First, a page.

Dec. 11 -- Citizens packed the board room at the Fairfax County Government Center Monday to testify on a proposed West*Group rezoning in Tysons Corner that would create 1,356 new residences. But nobody got a chance to speak as the Board deferred the application on a point of order to its Jan. 6 meeting.
On Tuesday, Dec. 3, West*Group filed an affidavit indicating a possible conflict of interest between the company and Supervisor Stuart Mendelsohn (R-Dranesville).
His law firm, Piper Rudnick, has represented a start-up venture called Signal Rock that was partly funded by Gerry Halpin, one of West*Group’s original founders.
But with only Halpin as a common denominator, the link was too remote to trigger the law firm’s internal radar for conflicts of interest.
Just before the rezoning was scheduled for a Dec. 9 public hearing before the Fairfax County Board of Supervisors, West*Group suggested in an affidavit that the Dranesville supervisor, who had been vocal in his opposition to their rezoning application, should recuse himself.
A Board policy requires that seven business days elapse between the filing of a new affidavit and a public hearing on any development application. But only four business days had passed since the affidavit was filed Dec. 3. And Mendelsohn said he needed more time to investigate.
But because of the holidays, the next available hearing date would be four weeks later, Jan. 6.
So on Dec. 9, Supervisor Gerry Hyland (D-Mount Vernon) asked the Board to waive the seven-day waiting period and proceed with the public hearing. Supervisor Elaine McConnell (R-Springfield) seconded Hyland's motion, saying the citizens who were present should have a chance to speak that day.
After Supervisor Gerry Connolly (D-Providence) suggested that Mendelsohn was stalling for time to marshall opposition to the rezoning, Mendelsohn retorted that the last-minute attempt to force him to recuse was an attempt to silence the voice of Dranesville citizens.
O’Connell withdrew her second of the motion to proceed, and Connolly then moved to defer the hearing until Jan. 6, 2003. The vote passed 9-1 with only Hyland voting no. Connolly said the Board has deferred past cases to comply with the seven-day waiting period rule.
"The Board has been very consistent on this policy," he said. "Gerry [Hyland]'s never quite agreed [with it]."
"This gives me time to figure out what the [legal] situation is," Mendelsohn said later. "I think the case was not ready yet."
Asked if the West*Group affidavit was trying to silence him, Mendelsohn said: "I've been assured not, so I'll take that at face value."
But "The timing stunk," he said.
Connolly reiterated Monday that Mendelsohn should recuse himself. "I hope and pray Mr. Mendelsohn will do it because that's a very serious legal matter," he said. "You could go to jail."
THE WEST*GROUP application has caused controversy in Dranesville District. Some parents say West*Group’s proffers — voluntary contributions to pay for infrastructure — aren’t enough.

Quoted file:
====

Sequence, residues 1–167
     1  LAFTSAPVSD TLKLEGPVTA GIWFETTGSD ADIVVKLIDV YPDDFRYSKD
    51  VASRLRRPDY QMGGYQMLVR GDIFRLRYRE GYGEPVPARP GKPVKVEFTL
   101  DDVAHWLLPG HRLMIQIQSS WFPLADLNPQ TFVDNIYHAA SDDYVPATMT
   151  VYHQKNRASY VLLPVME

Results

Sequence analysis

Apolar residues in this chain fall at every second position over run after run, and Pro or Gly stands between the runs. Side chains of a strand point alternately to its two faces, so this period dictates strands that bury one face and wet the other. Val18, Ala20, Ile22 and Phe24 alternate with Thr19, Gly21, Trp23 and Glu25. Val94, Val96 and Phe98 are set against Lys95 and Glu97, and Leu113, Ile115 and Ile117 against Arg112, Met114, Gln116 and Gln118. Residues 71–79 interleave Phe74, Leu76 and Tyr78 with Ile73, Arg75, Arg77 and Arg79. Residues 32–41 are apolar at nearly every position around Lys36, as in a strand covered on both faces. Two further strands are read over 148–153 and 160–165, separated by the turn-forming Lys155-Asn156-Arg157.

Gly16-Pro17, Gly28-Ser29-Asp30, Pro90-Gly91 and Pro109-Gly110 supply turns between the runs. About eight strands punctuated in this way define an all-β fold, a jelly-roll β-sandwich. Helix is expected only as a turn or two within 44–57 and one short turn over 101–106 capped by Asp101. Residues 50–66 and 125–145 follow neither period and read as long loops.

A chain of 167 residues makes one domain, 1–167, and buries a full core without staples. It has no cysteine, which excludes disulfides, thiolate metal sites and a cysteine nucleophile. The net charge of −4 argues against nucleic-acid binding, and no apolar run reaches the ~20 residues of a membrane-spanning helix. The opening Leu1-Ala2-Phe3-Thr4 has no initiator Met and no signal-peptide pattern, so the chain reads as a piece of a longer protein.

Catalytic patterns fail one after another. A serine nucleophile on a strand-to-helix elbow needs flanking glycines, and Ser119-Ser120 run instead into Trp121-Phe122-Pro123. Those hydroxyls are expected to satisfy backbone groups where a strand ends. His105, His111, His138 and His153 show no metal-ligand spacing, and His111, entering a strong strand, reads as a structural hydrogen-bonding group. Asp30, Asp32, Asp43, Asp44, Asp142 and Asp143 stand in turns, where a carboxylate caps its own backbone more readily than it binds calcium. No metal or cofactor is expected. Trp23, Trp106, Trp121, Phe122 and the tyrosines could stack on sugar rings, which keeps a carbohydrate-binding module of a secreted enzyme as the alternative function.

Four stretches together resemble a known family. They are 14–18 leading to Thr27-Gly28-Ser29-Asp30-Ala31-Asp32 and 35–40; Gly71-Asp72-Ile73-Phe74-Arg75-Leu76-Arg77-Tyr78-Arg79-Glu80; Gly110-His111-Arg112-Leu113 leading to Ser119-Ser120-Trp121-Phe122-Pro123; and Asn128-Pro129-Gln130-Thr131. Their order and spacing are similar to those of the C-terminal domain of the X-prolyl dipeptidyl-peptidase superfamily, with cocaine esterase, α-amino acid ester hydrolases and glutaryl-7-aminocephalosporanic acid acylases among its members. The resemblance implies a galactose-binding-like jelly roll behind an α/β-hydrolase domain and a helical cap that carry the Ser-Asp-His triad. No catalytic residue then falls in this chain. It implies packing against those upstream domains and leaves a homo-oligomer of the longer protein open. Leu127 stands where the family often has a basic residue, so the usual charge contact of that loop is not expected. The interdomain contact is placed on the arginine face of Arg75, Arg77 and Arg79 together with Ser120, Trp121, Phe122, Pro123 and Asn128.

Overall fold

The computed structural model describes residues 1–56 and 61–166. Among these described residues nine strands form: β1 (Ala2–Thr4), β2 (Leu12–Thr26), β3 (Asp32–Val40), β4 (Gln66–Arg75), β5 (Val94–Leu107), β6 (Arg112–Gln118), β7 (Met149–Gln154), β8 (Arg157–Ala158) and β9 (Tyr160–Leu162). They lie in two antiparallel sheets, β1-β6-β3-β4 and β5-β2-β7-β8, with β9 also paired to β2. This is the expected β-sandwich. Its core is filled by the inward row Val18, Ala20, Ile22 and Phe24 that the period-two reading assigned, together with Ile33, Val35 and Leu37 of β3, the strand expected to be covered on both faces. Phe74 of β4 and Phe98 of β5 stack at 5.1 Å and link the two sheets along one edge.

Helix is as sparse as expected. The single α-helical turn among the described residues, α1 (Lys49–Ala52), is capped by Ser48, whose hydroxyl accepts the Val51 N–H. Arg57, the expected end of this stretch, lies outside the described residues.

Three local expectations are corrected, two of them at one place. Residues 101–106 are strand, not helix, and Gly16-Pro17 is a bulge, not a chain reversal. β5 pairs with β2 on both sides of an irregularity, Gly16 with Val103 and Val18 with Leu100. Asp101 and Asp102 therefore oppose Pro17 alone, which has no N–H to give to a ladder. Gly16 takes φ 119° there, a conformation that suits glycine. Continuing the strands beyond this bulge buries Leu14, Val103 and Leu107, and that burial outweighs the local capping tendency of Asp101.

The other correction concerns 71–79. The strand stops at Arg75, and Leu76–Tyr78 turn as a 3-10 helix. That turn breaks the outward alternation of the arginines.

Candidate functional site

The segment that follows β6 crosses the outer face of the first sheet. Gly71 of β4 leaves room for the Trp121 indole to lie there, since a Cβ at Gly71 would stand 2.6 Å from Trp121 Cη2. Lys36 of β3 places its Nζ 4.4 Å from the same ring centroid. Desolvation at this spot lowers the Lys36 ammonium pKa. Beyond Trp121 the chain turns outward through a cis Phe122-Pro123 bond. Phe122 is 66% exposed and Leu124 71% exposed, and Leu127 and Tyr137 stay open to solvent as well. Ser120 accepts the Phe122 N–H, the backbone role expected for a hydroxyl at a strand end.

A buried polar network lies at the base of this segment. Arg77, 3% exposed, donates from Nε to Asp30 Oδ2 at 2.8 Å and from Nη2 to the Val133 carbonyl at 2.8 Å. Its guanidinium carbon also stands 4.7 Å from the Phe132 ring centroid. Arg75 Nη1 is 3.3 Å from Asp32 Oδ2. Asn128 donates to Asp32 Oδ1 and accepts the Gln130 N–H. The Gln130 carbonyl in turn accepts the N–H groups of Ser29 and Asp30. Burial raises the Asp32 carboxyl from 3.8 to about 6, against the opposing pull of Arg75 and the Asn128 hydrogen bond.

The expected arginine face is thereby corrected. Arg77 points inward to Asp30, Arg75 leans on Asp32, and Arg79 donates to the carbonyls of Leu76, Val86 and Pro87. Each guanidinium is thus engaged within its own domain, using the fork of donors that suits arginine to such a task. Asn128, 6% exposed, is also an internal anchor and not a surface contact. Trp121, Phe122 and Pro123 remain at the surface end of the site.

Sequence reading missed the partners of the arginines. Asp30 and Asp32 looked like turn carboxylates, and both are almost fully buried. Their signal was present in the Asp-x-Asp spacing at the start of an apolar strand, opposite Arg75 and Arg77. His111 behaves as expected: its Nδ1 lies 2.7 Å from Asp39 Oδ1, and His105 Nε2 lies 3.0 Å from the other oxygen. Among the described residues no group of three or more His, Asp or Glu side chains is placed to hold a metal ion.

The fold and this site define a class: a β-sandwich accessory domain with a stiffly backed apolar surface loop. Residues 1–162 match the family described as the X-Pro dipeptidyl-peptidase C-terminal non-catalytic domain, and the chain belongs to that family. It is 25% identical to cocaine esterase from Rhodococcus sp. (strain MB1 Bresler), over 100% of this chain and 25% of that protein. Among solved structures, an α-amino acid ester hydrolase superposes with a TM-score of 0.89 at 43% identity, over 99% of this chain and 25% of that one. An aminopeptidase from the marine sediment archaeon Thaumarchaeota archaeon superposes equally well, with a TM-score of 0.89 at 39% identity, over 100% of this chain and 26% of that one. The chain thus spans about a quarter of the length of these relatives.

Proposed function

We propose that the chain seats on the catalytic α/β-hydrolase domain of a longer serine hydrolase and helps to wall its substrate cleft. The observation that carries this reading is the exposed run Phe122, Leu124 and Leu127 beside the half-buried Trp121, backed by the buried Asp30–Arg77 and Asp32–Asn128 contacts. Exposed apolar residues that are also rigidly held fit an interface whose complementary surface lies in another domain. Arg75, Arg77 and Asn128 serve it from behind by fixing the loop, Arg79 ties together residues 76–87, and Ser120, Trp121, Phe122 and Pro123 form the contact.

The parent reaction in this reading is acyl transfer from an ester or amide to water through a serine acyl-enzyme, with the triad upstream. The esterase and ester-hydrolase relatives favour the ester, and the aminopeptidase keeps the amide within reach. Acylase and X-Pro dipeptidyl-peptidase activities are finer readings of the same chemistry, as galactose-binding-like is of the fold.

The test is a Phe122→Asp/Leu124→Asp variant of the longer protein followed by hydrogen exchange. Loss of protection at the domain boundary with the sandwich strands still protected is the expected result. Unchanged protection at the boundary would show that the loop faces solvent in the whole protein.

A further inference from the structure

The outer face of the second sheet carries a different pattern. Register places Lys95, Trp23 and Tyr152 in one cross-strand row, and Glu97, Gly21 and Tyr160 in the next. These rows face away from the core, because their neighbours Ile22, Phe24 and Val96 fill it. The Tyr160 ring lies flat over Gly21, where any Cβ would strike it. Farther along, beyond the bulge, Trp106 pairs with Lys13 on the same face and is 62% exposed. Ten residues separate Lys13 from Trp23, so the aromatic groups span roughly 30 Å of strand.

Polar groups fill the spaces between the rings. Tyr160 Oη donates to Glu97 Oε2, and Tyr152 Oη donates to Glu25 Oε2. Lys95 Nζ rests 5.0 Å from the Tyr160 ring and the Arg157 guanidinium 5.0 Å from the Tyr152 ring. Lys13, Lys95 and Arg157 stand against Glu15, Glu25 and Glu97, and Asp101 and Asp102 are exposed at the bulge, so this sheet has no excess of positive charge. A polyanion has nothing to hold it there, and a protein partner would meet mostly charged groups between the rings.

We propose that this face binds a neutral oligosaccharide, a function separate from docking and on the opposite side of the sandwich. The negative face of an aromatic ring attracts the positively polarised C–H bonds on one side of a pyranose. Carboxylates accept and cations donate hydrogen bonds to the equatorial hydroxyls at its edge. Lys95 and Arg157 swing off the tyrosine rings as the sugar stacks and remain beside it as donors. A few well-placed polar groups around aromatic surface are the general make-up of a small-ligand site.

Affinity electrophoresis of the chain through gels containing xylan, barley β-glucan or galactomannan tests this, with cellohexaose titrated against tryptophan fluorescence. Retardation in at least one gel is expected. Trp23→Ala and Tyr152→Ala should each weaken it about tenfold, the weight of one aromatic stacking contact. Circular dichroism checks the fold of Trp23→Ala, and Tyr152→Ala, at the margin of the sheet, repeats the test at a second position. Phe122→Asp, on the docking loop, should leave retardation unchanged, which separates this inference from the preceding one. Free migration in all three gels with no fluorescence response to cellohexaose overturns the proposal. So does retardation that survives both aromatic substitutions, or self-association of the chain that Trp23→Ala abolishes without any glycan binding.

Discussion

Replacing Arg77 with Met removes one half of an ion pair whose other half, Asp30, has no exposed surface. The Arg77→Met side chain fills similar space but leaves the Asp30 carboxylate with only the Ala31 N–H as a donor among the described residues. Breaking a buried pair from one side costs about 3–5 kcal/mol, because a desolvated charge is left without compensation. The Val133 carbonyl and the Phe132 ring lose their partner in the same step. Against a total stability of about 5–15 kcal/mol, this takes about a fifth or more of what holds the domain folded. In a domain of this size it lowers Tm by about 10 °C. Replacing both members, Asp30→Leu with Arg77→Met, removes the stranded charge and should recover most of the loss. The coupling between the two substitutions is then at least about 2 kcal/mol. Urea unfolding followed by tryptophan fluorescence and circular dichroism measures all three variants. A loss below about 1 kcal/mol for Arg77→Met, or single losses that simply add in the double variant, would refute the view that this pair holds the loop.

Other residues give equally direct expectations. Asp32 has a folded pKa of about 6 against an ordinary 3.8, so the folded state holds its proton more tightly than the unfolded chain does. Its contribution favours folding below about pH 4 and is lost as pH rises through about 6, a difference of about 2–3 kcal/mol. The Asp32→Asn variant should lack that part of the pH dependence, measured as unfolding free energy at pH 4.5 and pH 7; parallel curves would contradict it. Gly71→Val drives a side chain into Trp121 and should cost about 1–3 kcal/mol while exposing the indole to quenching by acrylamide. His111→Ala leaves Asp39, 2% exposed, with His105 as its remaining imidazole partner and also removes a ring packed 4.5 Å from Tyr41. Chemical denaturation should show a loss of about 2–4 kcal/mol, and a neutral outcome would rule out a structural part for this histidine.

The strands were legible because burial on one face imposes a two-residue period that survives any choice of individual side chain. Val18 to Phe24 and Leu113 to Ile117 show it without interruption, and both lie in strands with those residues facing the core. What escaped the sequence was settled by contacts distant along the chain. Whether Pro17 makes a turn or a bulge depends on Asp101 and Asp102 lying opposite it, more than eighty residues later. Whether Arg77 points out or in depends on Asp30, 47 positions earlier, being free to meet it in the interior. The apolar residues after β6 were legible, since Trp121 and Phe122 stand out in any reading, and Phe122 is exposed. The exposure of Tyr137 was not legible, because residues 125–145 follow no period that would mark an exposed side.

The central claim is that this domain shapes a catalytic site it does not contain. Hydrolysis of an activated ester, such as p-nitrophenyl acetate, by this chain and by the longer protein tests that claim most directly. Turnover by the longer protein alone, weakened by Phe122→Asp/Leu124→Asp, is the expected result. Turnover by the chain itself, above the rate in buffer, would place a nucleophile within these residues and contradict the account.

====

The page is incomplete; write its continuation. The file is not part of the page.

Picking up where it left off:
Last week, the company increased its school's proffer from $200,000 to $700,000. The extra half-million dollars would be paid in increments of $100,000 triggered by each new phase of the project.
With boundaries for the elementary school under construction at the Andrew Chapel site not yet set, it is still unclear which elementary school will be affected.
West*Group also proffered a 10-year lease on 4,000 square feet of space at Tysons Corner to be used for government meeting rooms or offices.
Mendelsohn said it could serve as a new office for the Providence District Supervisor, and Connolly has concurred that it might. But “he’s still not willing to say to any of us what it will be used for,” Mendelsohn said.
The company has also offered land on Old Meadow Road for a future public facility, $1 million to build the fourth county homeless shelter and a 1- to 1.3-acre “linear park” to be maintained by the Fairfax County Park Authority.
Connolly termed West*Group’s proffers "generous." He said more high-density residences is exactly what Tysons Corner needs.
"The applicant is doing what the county has been pleading to do," he said.
He ascribed political motives to three Republicans who oppose the project: Mendelsohn, who is not seeking re-election; the McLean Citizens Association’s Adrienne Whyte, and Dranesville Planning Commissioner Joan DuBois.
Last week, DuBois filed to run for Mendelsohn’s open seat. Whyte has been mentioned as the likely successor to DuBois on the Planning Commission.
Connolly said all three were trying to gain political advantage by scaring citizens. "Mr. Mendelsohn has been very effective in frightening people about this.
"I believe the motivation for some of these people leading the charge, like Stu [Mendelsohn] is political."
Mendelsohn says the proffers are inadequate, and there is no need to rush to a vote on the application.
New residential development criteria will take effect on Jan. 7, so there is still time for the Board to vote on the rezoning before that date.